Something New: House of Cards

Yes. This is the start of something special. A TV series never meant for TV. A series that migrates TV from being a piece of technology to being a genre.

House of Cards is the first original series to be commissioned and shown (exclusively) on Netflix, the popular TV and film streaming service.

Trailer for US Version

And, yes, I’ve seen it already. Wolfed it down across two nights. And, while I was waiting for Netflix to release the series, I watched the first of the original BBC series from the early 1990s upon which it’s based. Handily enough, I also watched that on Netflix.

BBC Version

The series centres on a chief whip – the politician who’s supposed to keep other politicians in their place, to make sure there’s no discord and that Bills get passed. This whip is smart, manipulative, calculated, ruthless and hungry. He wants to get to the top of the greasiest of all greasy polls – he wants to be the nation’s leader.

So, is the US series as good as the UK version? The quality is just as high and the beast is different, due to the bigger length of the US version. Nothing feels lost in translation. It is its own show and lives up to its namesake.

The lead character is Francis Underwood, played by Kevin Spacey, the chief whip in the Democratic Party. Part of the show’s format is that Spacey, now and again, will talk directly to us, the viewer. He’s explaining what and why and his explanations are never varnished.

Having been shafted for the Secretary of State position in a new administration, Underwood quickly works to move higher up the pecking order another way.

The person he’s closest too is his wife, Claire, played by Robin Wright. Unlike in the UK version, Underwood’s wife has her own story, identity and background. A Mrs. Macbeth who’s more than just the shadow of her husband.

Also unlike the UK version, Claire isn’t as ruthless as her husband, hinted through various small subtleties throughout the first season.

In fact, the striking difference between the US and UK versions is that every character seems fully formed, probably due to the greater length and wanting to make sure there are enough stories to tell.

The whole series is dark. Everyone, from average Joe to the U.S. President, is a pawn in Underwood’s game. They haplessly fall into place, doing exactly what Underwood wants, without even realising. We, on the other hand, have realised, making it all the more tragic.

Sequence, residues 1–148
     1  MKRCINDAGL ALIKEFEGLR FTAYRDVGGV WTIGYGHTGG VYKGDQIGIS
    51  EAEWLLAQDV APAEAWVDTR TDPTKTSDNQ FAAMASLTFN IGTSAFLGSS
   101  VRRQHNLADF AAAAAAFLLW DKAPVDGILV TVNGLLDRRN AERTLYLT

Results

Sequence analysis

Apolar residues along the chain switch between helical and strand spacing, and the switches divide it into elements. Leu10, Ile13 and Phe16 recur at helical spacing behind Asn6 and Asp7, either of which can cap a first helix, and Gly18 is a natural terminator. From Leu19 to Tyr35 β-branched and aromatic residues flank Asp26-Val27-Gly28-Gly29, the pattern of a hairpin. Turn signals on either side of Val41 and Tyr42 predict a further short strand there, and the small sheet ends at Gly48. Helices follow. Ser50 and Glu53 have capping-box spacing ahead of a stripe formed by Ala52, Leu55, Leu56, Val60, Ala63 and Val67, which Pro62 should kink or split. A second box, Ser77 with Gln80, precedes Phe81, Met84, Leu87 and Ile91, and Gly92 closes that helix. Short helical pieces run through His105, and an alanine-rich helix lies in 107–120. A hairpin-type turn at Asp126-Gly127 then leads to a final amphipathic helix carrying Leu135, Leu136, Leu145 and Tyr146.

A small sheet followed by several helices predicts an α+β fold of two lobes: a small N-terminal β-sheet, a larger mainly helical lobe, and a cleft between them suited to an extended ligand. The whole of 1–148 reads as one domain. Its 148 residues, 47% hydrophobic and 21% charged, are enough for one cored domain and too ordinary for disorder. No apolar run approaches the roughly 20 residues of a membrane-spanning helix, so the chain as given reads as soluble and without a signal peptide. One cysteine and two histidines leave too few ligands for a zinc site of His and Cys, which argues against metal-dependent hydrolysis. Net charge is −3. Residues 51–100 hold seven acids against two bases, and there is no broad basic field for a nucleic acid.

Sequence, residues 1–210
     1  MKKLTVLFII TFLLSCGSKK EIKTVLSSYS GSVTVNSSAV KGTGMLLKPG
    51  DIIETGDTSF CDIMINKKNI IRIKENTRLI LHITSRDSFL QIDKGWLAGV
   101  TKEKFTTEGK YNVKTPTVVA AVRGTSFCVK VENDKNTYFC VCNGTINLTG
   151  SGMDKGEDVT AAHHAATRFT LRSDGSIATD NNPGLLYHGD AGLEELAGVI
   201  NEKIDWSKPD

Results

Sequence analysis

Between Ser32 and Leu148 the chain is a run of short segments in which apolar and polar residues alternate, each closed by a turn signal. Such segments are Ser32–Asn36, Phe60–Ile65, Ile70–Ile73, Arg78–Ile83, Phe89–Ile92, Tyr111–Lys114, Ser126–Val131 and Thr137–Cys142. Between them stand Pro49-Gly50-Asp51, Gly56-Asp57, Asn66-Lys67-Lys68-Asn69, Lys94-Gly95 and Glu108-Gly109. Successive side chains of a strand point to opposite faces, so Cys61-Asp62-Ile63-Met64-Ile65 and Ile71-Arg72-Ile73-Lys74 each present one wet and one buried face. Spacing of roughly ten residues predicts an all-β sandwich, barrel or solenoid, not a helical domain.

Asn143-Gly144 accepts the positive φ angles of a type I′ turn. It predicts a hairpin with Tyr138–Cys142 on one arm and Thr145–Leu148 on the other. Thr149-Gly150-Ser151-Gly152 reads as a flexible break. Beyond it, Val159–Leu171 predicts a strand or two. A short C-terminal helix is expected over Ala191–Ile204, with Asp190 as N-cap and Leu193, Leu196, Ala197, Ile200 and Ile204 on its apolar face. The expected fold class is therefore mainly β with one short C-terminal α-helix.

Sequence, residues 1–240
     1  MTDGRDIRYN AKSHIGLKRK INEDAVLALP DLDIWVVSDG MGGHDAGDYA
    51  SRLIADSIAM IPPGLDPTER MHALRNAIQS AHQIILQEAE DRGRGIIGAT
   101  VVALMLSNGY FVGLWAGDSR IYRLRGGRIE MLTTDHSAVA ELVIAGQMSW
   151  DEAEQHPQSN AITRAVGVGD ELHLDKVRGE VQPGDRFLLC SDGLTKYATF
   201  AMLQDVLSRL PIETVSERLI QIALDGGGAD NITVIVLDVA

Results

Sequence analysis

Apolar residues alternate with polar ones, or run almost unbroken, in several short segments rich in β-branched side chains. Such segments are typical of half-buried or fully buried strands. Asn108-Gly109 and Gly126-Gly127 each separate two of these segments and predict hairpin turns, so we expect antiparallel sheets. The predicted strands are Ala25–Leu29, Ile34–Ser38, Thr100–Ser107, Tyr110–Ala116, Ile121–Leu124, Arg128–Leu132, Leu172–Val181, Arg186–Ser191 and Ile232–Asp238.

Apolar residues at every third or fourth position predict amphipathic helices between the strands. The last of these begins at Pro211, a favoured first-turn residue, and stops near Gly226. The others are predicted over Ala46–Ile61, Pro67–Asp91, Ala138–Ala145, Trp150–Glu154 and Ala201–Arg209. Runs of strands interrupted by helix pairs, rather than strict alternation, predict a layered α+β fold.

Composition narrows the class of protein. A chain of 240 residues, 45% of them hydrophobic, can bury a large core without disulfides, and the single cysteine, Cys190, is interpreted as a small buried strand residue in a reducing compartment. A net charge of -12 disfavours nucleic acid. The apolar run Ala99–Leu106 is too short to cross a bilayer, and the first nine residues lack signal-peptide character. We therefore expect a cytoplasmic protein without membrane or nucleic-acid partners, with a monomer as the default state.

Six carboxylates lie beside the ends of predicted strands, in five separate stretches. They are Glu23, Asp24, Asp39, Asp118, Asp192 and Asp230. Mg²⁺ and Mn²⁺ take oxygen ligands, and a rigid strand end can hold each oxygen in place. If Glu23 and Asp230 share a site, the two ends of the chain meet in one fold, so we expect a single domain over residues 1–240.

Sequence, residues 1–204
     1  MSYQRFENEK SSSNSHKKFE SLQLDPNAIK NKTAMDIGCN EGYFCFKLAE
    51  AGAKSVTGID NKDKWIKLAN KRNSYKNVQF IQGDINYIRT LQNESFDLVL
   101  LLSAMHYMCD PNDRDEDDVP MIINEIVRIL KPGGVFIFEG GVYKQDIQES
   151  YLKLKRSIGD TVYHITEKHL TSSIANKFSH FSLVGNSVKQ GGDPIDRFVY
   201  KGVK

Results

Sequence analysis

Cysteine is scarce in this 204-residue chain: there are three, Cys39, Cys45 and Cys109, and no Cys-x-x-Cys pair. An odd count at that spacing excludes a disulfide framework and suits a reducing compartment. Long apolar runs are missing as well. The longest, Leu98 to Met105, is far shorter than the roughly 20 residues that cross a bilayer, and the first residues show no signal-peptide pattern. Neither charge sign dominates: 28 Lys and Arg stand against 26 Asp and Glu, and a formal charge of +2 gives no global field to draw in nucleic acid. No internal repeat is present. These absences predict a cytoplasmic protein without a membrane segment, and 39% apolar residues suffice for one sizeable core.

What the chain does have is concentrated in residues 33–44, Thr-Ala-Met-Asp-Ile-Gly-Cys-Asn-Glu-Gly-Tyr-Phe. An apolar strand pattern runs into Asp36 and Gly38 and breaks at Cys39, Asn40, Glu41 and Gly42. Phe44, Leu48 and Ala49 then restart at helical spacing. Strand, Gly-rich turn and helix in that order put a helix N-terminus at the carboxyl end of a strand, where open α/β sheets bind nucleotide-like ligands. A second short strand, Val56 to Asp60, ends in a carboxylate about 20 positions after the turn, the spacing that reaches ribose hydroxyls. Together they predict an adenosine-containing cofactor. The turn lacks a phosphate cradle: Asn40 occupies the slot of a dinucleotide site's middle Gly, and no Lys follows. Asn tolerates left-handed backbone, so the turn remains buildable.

That point is further hammered home by the surroundings of our characters. The most successful are the ones who have been the quickest to the hit the ground and roll in the mud – theirs is a clean, rich and proper world. The pawns reside in a bleaker world, tricked into believing they equal the rich elites for their continued obedience; a false promise of a better future. The message is clear.

Underwood, a man from the southern states, likes to eat ribs. He visits ‘Freddy’s BBQ Joint’ on a down-at-heel part of Washington D.C. complete with dirty walls and sheet-plastic covered windows. It’s his escape. Away from his polished, huge D.C. residence, his natural habitat is filthy. He sits, having arrived by a chauffeur driven car, eating ribs and reading the newspaper in his crisp, clean suit.

All the way through, more and more layers are added to the house of cards, making it a precarious situation for Underwood. The stakes get higher and higher and, with the second season already commissioned, they look set to get higher with Underwood perilously close to losing control.

Should you watch the show? Yes. It’s brilliant. Smart, revealing and thrilling. Netflix says their goal is to become HBO, home of some of the best television dramas in the world, before HBO becomes them. While making your first original programme a translation of proven material may be taking an easier option to creating wholly original material, the level at which the translation has been conducted is superb, offering those who’ve seen the BBC version a great, fresh experience.

The other thing this series does is highlight the brilliant BBC series, still fantastic and available on DVD. Frankly, watch both.

The original BBC series is available on Amazon and the US version coming to a Netflix near you!

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